“I would be lying if I said I never enters my mind,“ she said, “but at the end of the day, no one can be me.”
“It’s good to have great chairs. But at the end of the day, nobody comes back to sit in a great chair.”
The two quotes above are from two different publications. But at the end of the day, it doesn’t really matter where they came from. I am certain that I could easily have found many more. Because, at the end of the day, it is easy to spot clichés being born. And like most clichés, they have the ability to weaken otherwise interesting ideas.
Yes, the thought that no one else can be me is a good one. Putting it in a marketing context, it is saying, “Hey, what I sell may be considered a commodity. But it is what I personally bring to the party that makes my product stand out from the competition.”
And so too is the thought that yes, attention to detail is vital, but it is not the reason customers return. A great chair can make a visit to a restaurant more comfortable, but it is what is put on the plate that makes the sale. Good thoughts indeed, but diluted by introducing them with a hackneyed phrase.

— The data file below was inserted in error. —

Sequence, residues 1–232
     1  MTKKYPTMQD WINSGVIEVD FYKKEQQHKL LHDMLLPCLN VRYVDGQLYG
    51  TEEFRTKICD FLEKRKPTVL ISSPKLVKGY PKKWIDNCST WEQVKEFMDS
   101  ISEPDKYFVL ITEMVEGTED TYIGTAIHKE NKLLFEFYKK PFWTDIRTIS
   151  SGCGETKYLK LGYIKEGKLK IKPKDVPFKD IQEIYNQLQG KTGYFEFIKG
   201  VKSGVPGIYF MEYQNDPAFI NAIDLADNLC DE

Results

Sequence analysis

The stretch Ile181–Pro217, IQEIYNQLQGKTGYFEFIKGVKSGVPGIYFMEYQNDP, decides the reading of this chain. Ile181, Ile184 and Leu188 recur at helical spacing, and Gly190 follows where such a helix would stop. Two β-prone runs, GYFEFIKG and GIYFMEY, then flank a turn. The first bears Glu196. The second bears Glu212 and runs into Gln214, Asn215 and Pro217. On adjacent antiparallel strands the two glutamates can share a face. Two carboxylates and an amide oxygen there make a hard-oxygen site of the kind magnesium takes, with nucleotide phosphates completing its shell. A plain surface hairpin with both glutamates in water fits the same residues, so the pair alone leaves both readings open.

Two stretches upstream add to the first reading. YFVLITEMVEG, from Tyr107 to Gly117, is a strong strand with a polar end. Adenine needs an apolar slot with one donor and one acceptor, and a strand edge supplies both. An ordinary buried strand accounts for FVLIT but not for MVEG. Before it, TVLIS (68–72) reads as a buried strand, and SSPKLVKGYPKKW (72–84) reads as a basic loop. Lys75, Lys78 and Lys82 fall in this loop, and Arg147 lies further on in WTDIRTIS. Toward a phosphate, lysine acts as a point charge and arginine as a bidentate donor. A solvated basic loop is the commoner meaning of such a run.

Yes, I know, to be fair, I should point out the benefits of predictable phrases—immediate communication, instant comprehension, comforting familiarity. But, this may be more valid in copy for news journals and editorials than for advertising. And, at the end of the day, it is indeed my blog, and I feel no need to spend a lot of time on opposing viewpoints. At the end of the day, there is no doubt that fresh language is preferable.
Next we will work on “Bring to the party.”
Got the idea?